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Sea power-session 10-empire

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The Seven Years War, full of lessons for military and naval officers, delivers the basis for the first British empire. It also sets in motion the age of the democratic revolutions which will be the focus for Sea Power 2

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Sea power-session 10-empire

  1. 1. Sea Power session x Empire
  2. 2. Not Guns, Germs, and Steel. Rather oceanic commerce and the ships which have guarded it. That’s the factor to explain the amazing rise of the English-speaking peoples. Their naval campaigns underlie this history. jbp
  3. 3. Padfield, p. 214. “The war was ended in 1763 by the Treaty of Paris. Britain’s chief negotiator, a leading member of the peace party, acted in the spirit of the objections to Pitt’s uncompromising policy: France’s main West Indian islands were returned to her, as well as Gorée on the slaving coast of Africa and Belle Isle; Havana and Manila were returned to Spain. Nevertheless, Britain retained the whole of Canada and acquired Florida from Spain. Since France transferred Louisiana to Spain, France was now excluded from North America. Her position in India was also so weakened as to leave the British East India Company dominant. “If Great Britain had given away many of the fruits of the most triumphant war she had ever fought •—as Pitt complained—she nevertheless emerged as undisputed mistress of North America and the widest trading empire. Moreover, the value of her exports and re- exports had risen by over 30% during the war, to almost £15 million; her imports had risen by 27%, to £11 million. Over 100 British slaving ships—65 from Liverpool, now undisputed slaving capital of the country—sailed each year for Africa, carrying on average over 20,000 Negroes to the Americas….” 11 Quiberon Bay, 1759
  4. 4. Ibid. “…the Americas. The metal and textile industries, agriculture and the entire internal market had been stimulated. Judged by these results and the temporary devastation of French trade and industry, the war had proved a highly successful commercial aggression. “It had also been hugely expensive. Subsidies to Frederick II and the other Continental allies had amounted to some £10 million. Average annual expenditures had been over £18 million, against tax revenue of £8.6 million. The resulting deficits had almost doubled the national debt, from £74 million up to £132 million, which now required over 50% of tax revenue to service. This was the investment in the bid for North America….The unprecedented scale of the effort was made possible only by the maturity of the fiscal and financial system; it was this which had enabled Britain to mobilize the savings of her people and foreigners alike—some £15 million, or 14% of the national debt was held abroad, chiefly by the United Provinces. “By contrast, the French financial system was once again in crisis….” 11 Quiberon Bay, 1759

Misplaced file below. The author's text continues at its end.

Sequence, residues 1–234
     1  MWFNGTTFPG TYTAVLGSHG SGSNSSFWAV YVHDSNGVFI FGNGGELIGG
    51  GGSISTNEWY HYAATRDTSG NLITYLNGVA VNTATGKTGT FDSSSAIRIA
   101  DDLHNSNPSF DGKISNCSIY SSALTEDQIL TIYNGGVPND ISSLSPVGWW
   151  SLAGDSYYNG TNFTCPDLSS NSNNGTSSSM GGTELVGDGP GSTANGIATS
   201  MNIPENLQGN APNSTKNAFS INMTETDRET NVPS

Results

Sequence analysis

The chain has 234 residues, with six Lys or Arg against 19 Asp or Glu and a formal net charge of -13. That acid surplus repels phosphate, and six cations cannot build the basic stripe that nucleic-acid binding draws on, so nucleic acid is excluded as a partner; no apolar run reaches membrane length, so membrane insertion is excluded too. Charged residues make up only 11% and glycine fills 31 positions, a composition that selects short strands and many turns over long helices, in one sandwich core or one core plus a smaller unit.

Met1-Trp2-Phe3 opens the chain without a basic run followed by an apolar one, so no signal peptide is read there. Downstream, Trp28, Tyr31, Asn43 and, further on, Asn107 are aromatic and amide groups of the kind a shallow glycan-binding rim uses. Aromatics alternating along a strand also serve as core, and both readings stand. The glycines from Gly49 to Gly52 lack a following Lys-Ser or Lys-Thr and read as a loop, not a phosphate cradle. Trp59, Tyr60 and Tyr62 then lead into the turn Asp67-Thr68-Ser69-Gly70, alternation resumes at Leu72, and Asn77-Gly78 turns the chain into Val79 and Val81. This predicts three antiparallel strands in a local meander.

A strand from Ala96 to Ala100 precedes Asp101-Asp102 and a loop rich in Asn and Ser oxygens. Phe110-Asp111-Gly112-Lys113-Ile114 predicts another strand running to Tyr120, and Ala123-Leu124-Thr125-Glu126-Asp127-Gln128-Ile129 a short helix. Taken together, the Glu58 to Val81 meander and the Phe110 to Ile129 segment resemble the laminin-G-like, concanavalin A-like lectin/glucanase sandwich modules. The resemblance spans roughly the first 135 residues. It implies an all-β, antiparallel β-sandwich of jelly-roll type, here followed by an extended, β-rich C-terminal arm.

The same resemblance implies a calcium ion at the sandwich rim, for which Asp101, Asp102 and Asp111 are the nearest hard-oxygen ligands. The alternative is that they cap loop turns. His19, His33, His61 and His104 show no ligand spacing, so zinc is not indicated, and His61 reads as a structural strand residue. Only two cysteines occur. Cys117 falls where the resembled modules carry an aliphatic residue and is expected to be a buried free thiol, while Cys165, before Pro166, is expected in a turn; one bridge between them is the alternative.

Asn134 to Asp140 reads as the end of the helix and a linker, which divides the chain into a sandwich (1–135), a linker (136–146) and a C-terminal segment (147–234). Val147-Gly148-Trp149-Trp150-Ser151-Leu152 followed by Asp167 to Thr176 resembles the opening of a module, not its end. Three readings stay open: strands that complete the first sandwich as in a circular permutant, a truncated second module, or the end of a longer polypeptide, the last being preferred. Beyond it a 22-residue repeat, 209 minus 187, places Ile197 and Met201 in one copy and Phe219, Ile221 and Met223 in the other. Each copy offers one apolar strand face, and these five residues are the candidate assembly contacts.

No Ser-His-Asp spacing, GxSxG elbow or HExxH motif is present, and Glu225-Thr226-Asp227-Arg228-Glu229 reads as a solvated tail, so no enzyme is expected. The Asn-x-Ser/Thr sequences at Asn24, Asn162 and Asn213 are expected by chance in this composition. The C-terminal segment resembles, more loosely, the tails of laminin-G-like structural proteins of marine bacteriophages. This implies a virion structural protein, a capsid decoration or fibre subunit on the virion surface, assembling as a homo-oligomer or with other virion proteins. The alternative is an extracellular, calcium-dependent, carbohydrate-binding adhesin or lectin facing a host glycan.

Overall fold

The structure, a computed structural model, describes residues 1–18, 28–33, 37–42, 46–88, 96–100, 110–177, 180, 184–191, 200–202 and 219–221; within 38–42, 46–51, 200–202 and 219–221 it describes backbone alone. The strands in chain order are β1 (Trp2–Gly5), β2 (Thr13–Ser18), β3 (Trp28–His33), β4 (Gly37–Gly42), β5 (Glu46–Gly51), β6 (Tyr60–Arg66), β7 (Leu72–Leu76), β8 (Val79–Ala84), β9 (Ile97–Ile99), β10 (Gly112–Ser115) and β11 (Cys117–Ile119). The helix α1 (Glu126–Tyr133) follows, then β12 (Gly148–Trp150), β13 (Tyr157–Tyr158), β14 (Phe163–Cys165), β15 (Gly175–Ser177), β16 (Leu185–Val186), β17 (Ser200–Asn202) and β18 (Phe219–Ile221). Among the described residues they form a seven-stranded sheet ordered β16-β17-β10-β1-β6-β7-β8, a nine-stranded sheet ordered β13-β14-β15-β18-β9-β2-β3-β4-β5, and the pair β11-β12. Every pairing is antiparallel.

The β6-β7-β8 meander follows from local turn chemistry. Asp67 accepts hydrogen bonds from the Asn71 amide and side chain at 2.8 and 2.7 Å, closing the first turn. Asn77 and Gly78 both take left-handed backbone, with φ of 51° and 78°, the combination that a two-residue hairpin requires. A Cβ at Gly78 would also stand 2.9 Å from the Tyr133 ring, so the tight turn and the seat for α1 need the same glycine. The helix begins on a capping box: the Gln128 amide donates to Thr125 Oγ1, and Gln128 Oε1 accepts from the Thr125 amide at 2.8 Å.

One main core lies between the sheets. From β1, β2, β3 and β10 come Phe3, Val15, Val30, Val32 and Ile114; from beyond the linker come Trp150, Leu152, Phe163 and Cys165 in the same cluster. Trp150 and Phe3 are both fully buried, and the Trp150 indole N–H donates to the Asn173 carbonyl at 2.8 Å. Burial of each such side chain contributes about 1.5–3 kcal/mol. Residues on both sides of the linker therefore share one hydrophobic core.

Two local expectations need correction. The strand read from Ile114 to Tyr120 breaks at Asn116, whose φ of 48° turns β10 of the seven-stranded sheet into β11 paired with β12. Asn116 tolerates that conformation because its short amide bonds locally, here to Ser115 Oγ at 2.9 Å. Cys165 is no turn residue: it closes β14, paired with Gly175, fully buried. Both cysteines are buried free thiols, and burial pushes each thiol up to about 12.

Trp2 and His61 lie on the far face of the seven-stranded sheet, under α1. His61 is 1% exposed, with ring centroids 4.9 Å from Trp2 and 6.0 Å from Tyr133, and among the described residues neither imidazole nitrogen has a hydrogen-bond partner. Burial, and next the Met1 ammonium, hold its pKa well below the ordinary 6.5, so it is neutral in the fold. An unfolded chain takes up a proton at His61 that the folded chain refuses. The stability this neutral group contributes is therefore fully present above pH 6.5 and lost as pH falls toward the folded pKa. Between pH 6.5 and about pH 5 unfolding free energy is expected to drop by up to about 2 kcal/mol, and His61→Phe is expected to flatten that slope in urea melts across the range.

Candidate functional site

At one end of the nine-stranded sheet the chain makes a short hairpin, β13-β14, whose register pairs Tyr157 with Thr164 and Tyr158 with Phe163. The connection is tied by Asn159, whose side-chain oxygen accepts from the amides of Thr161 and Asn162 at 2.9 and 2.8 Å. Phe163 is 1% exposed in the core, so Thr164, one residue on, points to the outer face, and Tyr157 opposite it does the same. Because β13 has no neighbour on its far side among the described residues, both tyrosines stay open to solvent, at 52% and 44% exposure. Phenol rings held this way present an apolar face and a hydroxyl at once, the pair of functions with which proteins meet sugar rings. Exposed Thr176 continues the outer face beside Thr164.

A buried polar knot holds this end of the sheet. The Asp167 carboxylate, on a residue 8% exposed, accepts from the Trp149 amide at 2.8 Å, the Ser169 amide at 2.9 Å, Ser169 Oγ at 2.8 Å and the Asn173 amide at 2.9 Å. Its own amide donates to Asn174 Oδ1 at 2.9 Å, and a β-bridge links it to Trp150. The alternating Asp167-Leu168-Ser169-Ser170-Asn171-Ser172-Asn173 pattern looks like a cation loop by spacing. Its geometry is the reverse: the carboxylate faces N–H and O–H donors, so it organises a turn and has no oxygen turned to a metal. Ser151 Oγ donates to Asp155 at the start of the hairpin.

5. 5. Quebec, 1759 India The West Indies The (British) Lion’s Share
  6. 6. Quebec, 1759 The Death of General Wolfe Benjamin West, 1770; in the National Gallery of Canada
  7. 7. Ottawa R. St LAW RENCE R. CHAMPLAIN
  8. 8. FT Oswego FT W Henry Mont Real Quebec
  9. 9. The Missing People Indian C ountry
  10. 10. The Missing People Between the 80,000 French settlers of New France and the 1,500,000 mostly British settlers of the Thirteen Colonies were the American Indians, caught ‘between the blades of a scissors,’ as one Moravian missionary put it. With the notable exception of the Mohawks, the rest of the Iroquois, nearly all of the Micmacs, and Abenaki sided with the French. Hence we called this conflict the French and Indian War. And it had been going on with little remission since King William’s War. jbp
  11. 11. The Ohio Country The Upper St. Lawrence
  12. 12. 3: The Seven Years’ War “In America, meanwhile, Pitt had already put his plans in motion. In 1757 an unsuccessful expedition had been mounted from Halifax against Louisburg, the French bastion on Cape Breton Island,• which flanked the approaches to the Gulf of St. Lawrence.…” Sea Power, p. 55. The British Capture Louisburg